On the June 3 CBS This Morning, Quint began: “The Pope today attacked one principle communism brought to Poland that most of his fellow countrymen want to keep: separation of church and state.” But the “principle” the Soviets brought was not Jefferson’s separation of church and state, but suppression of the church by the state. Behind the Iron Curtain, Catholic priests and believers were killed and tortured, imprisoned and stifled by the communists, not granted freedom of worship.
While Quint’s stories on the papal visit featured soundbites from average Poles who supported his left-wing viewpoint, his three stories included no one who was inspired by the Pope’s visit or who opposed abortion. When asked by the MRC why viewers heard only one side of the story, Quint declared: “We are not an opinion-sampling organization. When we went out and interviewed people at random, [most] made comments like the one we put on the air.” A “random” sampling of the hundreds of thousands who attended the Pope’s rallies could have shown just the opposite. So who was more “intolerant of dissent”?
Keller’s Catholic Kremlin
Even in 2002, long after Soviet communism crumbled, liberal journalists were still making unfavorable comparisons of the Pope to communist dictatorships. In a May 4, 2002 column in The New York Times, staff columnist Bill Keller – currently overseeing all the news pages as the paper’s Executive Editor – compared the Vatican to the Kremlin. “One paradox of the Polish Pope is that while he is rightly revered for helping bring down the godless communists, he has replicated something very like the old Communist Party in his church...Karol Wojtyla has shaped a hierarchy that is intolerant of dissent, unaccountable to its members, secretive in the extreme and willfully clueless about how people live.” He added: “Like the Communist Party circa Leonid Brezhnev, the Vatican exists first and foremost to preserve its power.”
Keller did not explain how Catholics were like Soviet subjects. They do not suffer from forced obedience to their parish priest. They need not fear a trip to the gulag or a quick execution for disagreeing with their Holy Father. They have every liberty to disagree, and every right to walk out of the church, never to return. But for all his bad analogies, Keller was really complaining that the secular liberal media intelligentsia should have the right to “reform” the Catholic Church, to remake an authoritarian God in their own more “compassionate” and “tolerant” image.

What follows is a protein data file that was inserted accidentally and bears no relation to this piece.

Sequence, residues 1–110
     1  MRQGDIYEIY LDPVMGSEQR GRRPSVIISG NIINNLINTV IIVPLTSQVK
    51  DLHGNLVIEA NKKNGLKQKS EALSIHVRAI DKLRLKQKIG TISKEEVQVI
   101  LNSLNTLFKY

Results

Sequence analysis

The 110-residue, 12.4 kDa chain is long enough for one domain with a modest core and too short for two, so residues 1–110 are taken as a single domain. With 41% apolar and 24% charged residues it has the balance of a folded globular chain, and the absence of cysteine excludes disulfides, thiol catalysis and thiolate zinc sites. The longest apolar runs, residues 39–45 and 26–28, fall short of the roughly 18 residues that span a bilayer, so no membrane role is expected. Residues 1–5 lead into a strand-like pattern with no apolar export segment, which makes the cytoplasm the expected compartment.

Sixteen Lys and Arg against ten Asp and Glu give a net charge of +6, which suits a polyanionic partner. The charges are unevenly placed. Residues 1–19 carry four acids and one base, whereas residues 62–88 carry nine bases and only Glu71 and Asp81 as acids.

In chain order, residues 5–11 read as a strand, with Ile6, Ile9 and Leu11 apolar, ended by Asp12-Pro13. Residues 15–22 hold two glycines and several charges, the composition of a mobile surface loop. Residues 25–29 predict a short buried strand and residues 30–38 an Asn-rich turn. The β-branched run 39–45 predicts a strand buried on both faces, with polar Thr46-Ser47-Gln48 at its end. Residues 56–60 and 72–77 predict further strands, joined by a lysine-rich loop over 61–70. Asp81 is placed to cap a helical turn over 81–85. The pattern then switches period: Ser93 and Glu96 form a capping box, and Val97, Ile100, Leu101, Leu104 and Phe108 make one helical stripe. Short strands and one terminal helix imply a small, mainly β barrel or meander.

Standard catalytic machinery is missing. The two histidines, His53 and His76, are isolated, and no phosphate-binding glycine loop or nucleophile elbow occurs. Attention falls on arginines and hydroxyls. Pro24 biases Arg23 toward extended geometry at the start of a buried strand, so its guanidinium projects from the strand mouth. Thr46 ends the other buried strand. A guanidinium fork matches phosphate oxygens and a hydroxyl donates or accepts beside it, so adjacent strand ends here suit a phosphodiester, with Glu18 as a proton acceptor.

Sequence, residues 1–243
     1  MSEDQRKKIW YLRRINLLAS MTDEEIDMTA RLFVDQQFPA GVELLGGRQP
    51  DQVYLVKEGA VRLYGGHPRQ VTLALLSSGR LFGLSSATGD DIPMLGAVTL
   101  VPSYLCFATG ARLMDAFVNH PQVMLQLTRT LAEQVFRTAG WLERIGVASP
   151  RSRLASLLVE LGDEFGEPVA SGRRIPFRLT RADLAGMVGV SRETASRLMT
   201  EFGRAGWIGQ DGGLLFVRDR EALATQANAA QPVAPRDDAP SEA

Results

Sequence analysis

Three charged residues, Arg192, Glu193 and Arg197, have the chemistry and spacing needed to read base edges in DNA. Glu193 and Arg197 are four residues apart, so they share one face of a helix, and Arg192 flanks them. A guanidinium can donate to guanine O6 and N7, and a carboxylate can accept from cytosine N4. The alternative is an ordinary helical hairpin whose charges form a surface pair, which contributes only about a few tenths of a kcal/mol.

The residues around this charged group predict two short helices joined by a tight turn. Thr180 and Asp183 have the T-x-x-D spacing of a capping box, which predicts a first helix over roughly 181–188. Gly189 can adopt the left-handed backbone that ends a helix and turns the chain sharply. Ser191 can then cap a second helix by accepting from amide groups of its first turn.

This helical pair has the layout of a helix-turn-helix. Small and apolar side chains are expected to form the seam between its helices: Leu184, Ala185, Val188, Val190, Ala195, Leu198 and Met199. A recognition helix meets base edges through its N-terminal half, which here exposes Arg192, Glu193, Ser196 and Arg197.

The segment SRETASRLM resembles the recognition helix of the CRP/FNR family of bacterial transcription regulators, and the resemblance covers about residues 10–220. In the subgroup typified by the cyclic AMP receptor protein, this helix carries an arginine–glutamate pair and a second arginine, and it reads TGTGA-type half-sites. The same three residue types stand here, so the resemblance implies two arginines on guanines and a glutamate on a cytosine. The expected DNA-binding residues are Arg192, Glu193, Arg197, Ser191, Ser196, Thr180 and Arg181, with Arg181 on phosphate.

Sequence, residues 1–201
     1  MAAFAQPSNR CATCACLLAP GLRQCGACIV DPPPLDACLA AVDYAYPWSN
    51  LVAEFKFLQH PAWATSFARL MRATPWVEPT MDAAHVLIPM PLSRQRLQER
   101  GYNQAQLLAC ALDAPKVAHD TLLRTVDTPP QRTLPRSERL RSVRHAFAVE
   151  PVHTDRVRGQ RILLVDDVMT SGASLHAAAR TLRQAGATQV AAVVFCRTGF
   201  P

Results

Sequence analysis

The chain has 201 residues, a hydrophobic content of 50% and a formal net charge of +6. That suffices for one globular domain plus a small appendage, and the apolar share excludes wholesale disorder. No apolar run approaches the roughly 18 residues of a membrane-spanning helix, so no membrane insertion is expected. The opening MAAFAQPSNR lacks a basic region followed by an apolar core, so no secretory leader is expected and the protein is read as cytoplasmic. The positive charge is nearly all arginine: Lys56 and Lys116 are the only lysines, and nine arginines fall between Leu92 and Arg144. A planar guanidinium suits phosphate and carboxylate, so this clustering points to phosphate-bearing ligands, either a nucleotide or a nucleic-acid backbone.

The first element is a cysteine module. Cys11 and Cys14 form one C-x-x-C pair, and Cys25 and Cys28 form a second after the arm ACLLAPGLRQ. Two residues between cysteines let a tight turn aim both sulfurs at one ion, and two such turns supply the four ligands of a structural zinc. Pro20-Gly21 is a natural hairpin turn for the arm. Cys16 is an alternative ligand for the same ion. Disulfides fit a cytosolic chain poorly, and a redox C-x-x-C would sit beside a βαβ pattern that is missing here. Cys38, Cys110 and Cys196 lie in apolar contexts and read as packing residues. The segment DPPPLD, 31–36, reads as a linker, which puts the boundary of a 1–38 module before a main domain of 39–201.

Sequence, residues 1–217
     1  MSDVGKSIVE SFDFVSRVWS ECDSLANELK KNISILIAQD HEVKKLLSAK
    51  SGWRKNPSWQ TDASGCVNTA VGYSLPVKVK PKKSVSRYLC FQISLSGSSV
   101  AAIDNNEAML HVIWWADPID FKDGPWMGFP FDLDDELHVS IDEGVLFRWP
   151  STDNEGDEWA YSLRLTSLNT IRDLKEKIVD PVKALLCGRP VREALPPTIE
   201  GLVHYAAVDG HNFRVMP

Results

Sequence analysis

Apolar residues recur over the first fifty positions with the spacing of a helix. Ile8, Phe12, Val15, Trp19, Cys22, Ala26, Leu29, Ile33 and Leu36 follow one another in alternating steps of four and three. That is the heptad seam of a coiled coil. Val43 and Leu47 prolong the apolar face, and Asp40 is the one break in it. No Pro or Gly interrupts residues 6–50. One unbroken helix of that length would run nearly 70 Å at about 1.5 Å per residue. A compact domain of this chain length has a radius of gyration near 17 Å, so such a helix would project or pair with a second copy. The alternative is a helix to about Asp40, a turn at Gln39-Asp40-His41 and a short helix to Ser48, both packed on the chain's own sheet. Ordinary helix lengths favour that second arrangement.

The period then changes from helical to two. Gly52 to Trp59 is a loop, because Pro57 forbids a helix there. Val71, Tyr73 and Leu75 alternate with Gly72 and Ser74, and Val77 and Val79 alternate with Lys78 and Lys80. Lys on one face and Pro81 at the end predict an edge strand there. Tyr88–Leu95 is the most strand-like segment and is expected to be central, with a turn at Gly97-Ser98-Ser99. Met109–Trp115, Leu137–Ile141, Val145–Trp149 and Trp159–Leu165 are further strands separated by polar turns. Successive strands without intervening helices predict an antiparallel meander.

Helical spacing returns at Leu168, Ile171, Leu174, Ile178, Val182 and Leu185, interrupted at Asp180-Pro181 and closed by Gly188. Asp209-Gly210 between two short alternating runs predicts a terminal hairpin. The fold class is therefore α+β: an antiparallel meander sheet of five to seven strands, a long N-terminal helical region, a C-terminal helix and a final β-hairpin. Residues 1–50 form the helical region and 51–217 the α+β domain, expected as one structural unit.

Keller’s 2002 column looked forward to John Paul’s death as an occasion for the Church’s hostile takeover by “reformers” who would exchange ancient creeds for comfortable slogans. Keller argued “one reason many Catholics see the moment as ripe for reform is that this Pope is on his last legs. Soon, the hope goes, a vigorous new leader may emerge. Maybe so. But like the Communists, John Paul has carefully constructed a Kremlin that will be inhospitable to a reformer.” To Keller, the Pope also committed the offense of forming seminaries that are “begetting a generation of inflexible young priests who have no idea how to talk to real-life Catholics.” Is Keller in favor of secular liberal activists being “flexible” on first principles, like abortion, for example? Are the only Catholics living a “real life” the ones who agreed with Keller?
One reason for Keller’s bilious broadside against the Pope was revealed when he identified himself as “what a friend calls a ‘collapsed Catholic’ — well beyond lapsed.” Keller claimed no right to reform the church as a Catholic believer, but only as part of the “larger struggle within the human race, between the forces of tolerance and absolutism.”